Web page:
Frontalis suspension is the surgery of choice for congenital or acquired blepharoptosis with poor levator function (less than 5 mm). This procedure can be performed unilaterally or bilaterally in both children and adults. A variety of materials have been used with varying success. The ideal material is readily available, inert, adjustable, and has good, long-lasting tensile strength. Autologous materials frequently include fascia lata, temporalis fascia, and palmaris longus tendon. Allograft materials include mainly preserved fascia lata. Synthetic materials used for frontalis suspension include monofilament nylon, polypropylene, polybutylate-coated braided polyester, polyfilament cable-type suture, polyester fiber, expanded polytetrafluoroethylene (ePTFE), and silicone. Each of these materials has its own advantages and disadvantages. Adjustable sling materials may have specific advantages in patients with progressive ptosis or who are at risk for corneal decompensation. Excellent functional and aesthetic results can be obtained with frontalis slings when carefully placed with attention to surgical detail in all age groups.
Fascia Lata Frontalis Muscle Frontalis Suspension Chronic Progressive External Ophthalmoplegia Palmaris Longus Tendon
These keywords were added by machine and not by the authors. This process is experimental and the keywords may be updated as the learning algorithm improves.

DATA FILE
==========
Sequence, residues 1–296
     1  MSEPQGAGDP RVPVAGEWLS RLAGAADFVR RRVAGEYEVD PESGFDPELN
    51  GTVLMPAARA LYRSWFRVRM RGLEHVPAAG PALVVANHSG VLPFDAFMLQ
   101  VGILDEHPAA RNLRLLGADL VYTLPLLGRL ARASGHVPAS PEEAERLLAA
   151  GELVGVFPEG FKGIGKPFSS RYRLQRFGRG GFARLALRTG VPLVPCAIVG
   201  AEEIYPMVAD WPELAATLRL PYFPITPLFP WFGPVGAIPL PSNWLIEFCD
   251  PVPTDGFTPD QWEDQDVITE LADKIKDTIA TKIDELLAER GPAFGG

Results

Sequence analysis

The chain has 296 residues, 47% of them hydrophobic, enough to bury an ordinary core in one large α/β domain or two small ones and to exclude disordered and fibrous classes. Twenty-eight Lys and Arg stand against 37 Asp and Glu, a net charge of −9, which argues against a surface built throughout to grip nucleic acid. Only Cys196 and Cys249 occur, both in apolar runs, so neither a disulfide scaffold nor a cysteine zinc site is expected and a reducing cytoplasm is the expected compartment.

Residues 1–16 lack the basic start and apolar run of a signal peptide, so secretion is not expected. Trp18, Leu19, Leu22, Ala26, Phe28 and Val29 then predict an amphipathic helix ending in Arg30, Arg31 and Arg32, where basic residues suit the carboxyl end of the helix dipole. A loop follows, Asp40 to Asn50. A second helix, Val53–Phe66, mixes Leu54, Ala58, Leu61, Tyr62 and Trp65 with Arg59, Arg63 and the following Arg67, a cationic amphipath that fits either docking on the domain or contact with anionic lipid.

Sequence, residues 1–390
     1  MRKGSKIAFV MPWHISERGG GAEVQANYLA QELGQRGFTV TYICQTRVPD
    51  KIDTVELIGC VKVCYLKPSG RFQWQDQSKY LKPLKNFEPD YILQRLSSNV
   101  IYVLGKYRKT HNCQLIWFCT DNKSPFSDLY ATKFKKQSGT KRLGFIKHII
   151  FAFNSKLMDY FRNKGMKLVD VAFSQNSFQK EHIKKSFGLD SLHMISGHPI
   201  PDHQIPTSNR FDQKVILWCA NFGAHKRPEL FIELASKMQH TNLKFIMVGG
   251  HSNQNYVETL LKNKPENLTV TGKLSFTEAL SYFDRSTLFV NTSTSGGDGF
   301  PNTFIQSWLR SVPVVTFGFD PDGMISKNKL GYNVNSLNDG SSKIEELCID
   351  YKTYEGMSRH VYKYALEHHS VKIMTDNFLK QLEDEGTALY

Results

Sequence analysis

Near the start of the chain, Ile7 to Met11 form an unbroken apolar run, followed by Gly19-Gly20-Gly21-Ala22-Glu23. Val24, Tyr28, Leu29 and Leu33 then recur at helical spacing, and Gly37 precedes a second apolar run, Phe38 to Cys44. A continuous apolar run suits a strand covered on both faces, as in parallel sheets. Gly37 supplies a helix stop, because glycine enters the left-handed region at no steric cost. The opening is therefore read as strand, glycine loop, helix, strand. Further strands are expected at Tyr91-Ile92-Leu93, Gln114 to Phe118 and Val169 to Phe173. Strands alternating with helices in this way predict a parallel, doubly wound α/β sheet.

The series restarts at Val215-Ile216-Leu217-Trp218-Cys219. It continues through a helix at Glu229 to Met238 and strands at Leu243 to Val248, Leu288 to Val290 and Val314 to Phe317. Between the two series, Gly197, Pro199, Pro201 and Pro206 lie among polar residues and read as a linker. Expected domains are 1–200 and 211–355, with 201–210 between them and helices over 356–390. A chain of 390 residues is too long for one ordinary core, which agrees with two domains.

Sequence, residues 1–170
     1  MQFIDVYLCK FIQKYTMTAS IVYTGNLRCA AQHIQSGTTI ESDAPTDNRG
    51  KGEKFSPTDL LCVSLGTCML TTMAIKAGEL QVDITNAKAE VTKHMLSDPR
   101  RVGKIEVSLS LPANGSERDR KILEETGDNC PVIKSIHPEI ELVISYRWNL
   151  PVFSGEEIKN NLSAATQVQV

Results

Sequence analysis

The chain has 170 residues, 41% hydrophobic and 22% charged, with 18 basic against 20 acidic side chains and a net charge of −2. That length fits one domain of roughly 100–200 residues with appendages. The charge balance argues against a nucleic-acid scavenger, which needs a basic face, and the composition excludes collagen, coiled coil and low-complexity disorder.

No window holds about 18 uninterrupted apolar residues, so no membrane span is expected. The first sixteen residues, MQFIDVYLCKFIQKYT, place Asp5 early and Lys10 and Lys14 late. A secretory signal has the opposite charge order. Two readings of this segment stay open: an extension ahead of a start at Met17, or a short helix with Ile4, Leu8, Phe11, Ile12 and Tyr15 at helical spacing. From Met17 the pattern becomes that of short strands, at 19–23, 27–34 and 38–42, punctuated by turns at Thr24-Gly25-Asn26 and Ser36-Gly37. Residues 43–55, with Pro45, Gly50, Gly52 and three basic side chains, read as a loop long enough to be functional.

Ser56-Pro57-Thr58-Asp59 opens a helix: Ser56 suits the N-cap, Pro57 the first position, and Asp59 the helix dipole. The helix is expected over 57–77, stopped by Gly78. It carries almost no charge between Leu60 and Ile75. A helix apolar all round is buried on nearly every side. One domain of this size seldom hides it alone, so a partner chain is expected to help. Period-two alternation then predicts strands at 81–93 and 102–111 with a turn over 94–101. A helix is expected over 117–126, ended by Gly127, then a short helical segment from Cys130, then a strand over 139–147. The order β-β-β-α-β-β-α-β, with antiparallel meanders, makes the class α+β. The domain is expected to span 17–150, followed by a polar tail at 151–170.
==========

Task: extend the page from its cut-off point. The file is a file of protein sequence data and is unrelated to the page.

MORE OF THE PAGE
This is a preview of subscription content, log in to check access.
Jordan DR, Anderson RL. Obtaining fascia lata. Arch Ophthamol. 1987;105:1139–40.Google Scholar
Naugle Jr TC, Fry CL, Sabatier RE, Elliott LF. High leg incision fascia lata harvesting. Ophthalmology. 1997;104(9):1480–8.PubMedGoogle Scholar
Malhotra R, Selva D, Olver JM. Endoscopic harvesting of autogenous fascia lata. Ophthal Plast Reconstr Surg. 2007;23(5):372–75.CrossRefPubMedGoogle Scholar
Tellioglu AT, Saray A, Ergin A. Frontalis sling operation with deep temporal fascial graft in blepharoptosis repair. Plast Reconstr Surg. 2002;109(1):243–8.CrossRefPubMedGoogle Scholar
Wong CY, Fan DSP, Ng JS, Goh TY, Lam DS. Long-term results of autogenous palmaris longus frontalis sling in children with congenital ptosis. Eye. 2005;19:546–8.CrossRefPubMedGoogle Scholar
Lam DS, JS Ng, Cheng GP, Li RT. Autogenous palmaris longus tendon as frontalis suspension material for ptosis correction in children. Am J Ophthalmol. 1998;126:109–15.CrossRefPubMedGoogle Scholar
Medel R, Alonso T, Giralt J, Torres J, González-Candial M, García-Arumí J. Frontalis muscle flap advancement with a pulley in the levator aponeurosis in patients with complete ptosis and deep-set eyes. Ophthal Plast Reconstr Surg. 2006;22(6):441–4.CrossRefPubMedGoogle Scholar
Broughton WL, Matthews II JG, Harris Jr DJ. Congenital ptosis. Results of treatment using lyophilized fascia lata for frontalis suspensions. Ophthalmology. 1982;89(11):1261–6.PubMedGoogle Scholar
Wilson ME, Johnson RW. Congenital ptosis; long term results of treatment using lyophilized fascia lata for frontalis suspension. Ophthalmology. 1991;98:1234–37.PubMedGoogle Scholar
Esmaeli B, Chung H, Pashby RC. Long-term results of frontalis suspension using irradiated, banked fascia lata. Ophthal Plast Reconstr Surg. 1998;14(3):159–63.CrossRefPubMedGoogle Scholar